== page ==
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Latina Lista: News from the Latinx perspective > Columns & Features > BlogBeat > Could tech jobs combat narcos in Mexico?

Could tech jobs combat narcos in Mexico?

By Sara Inés Calderón
Más Wired

A Texas-based entrepreneur says that Mexico has amazing potential to be a global hotbed for IT workers. And, if the right amount of investment is made there, a startup and entrepreneurial ecosystem could thrive.

Mexico could be an unparalleled global destination for technology workers, something that Austin-based IT solutions entrepreneur Anurag Kumar believes would change the country’s economic future.

“There’s a lot of talent sitting next door,” Kumar, the CEO of iTexico, told Más Wired. “There’s a huge opportunity for Mexico to bring good paying jobs, infrastructure. I think the return is going to be very high if the government of Mexico can invest in more IT, tech training.”

Kumar should know. His company, iTexico, was recently awarded the 2014 National Entrepreneurship Award (Premio Nacional del Emprendedor) for making a “positive impact” on the Mexican economy. In just a few years Kumar has grown his company to nearly 100 employees, most of who work out of iTexico’s Guadalajara, Mexico office.

Focusing on building mobile apps and providing tech staff, iTexico does a variety of tech work for various companies. But what differentiates iTexico from other companies Kumar has founded is its focus on Mexican tech talent, which he says is a talent pool with many more advantages than other foreign IT options.

Kumar effortlessly lists the benefits of doing business with Mexican workers:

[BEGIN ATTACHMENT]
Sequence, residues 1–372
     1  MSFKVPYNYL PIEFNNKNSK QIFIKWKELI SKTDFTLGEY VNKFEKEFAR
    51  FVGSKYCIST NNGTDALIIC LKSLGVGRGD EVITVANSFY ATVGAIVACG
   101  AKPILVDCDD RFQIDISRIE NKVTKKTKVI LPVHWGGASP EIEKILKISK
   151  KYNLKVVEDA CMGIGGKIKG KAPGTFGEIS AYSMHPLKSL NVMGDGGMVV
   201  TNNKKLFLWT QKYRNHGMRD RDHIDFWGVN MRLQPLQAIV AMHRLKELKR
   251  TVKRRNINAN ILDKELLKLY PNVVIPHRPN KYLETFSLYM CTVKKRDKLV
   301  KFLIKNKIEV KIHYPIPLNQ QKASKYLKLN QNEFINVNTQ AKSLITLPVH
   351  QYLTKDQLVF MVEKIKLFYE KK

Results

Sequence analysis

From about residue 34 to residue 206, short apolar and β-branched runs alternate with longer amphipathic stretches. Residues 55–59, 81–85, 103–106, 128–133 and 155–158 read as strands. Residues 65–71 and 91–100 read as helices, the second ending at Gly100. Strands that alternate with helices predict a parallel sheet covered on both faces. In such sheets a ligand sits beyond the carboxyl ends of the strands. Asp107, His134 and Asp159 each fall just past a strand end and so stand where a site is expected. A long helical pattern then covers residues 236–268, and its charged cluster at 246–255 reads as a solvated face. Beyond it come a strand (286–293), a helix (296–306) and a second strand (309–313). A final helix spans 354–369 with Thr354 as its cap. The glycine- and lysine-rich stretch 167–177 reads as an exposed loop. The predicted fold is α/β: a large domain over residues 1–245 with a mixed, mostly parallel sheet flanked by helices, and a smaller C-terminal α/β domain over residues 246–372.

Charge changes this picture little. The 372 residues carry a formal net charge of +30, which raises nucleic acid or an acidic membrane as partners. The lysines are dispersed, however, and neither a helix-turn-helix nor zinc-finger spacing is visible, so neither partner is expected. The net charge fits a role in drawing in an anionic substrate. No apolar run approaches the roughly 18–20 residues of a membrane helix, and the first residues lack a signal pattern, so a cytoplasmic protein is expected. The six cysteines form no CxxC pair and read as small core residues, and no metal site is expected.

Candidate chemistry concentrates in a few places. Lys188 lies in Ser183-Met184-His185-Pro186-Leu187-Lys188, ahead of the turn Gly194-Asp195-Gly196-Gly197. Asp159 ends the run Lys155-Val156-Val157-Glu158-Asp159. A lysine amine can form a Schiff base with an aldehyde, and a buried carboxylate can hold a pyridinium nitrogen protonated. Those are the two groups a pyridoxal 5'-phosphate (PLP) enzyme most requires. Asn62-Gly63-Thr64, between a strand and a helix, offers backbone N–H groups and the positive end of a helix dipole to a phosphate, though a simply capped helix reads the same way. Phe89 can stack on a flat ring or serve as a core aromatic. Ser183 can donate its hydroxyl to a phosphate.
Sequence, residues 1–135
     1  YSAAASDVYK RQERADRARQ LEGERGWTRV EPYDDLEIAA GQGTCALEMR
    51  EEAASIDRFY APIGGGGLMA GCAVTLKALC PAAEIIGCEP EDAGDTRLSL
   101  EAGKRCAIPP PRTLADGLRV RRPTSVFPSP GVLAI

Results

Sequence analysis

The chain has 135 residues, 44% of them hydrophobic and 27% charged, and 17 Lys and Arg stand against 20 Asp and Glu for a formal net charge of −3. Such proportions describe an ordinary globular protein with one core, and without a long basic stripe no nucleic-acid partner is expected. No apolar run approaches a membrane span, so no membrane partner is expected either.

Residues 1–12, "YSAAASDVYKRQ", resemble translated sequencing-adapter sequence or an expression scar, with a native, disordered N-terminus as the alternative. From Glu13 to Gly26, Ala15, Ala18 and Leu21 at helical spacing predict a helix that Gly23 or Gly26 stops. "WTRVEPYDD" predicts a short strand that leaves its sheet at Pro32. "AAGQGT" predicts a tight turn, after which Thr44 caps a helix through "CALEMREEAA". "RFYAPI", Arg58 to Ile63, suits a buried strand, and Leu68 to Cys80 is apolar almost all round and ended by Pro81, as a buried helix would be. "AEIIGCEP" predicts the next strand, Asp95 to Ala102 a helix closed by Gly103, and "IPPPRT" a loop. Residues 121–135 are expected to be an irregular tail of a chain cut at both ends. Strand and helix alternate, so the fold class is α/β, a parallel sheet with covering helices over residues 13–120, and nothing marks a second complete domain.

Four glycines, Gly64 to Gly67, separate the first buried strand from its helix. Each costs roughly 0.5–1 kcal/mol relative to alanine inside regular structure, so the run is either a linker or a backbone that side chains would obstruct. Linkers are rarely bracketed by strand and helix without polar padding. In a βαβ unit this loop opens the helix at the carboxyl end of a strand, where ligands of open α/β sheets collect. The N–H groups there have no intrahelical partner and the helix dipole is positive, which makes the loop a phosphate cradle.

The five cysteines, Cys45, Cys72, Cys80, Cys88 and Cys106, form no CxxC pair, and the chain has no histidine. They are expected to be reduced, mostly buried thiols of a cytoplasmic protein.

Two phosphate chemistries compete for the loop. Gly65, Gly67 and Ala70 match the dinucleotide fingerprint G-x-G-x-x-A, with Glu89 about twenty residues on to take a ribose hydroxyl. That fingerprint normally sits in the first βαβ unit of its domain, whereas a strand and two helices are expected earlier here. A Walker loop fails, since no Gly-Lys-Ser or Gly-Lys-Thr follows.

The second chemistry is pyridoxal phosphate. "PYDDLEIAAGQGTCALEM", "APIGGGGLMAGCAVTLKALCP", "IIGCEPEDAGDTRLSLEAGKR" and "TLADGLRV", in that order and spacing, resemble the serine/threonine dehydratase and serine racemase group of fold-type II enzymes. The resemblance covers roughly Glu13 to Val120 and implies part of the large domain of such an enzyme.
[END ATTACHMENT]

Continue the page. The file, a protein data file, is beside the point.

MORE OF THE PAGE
• They are bilingual.
  • They are familiar with US culture and business processes.
  • They are a portal to the rest of Latin America, where many companies are looking to expand.
  • They are educated and talented.
  • There’s lower attrition than with U.S. or other foreign workers.
  • They can travel to the U.S. more easily for business.
  • They are part of a system created via NAFTA that allows for legal and intellectual property protections.
  • Their government is supportive of the IT industry.

Kumar is adamant that Mexico has so much potential to be an IT powerhouse; already, according to a white paper he co-authored on the subject, the country is fourth in the world for providing IT services. Compared to working with teams in other countries, Mexican IT workers are more culturally competent, can travel more easily and the country’s entrepreneurial ecosystem is exploding, Kumar said.

Finally, because of NAFTA and the current immigration system, there’s no need to deal with the rigorous process of obtaining visas for Mexican IT workers, he said.

What Mexico, and the U.S. as a consumer of its IT services, could really benefit from would be a large corporation building offices there to spur the creation of a big tech worker pipeline.

“It’s good for the U.S., and it’s good for Mexico,” Kumar said of creating this tech workforce in Mexico. “We are just one example of the success of collaboration between the U.S. and Mexico.”

To learn more about iTexico or read more of the company’s white papers, visit their website here.

Featured Photo: Mexican President Enrique Peña Nieto and iTexico CEO Anurag Kumar.

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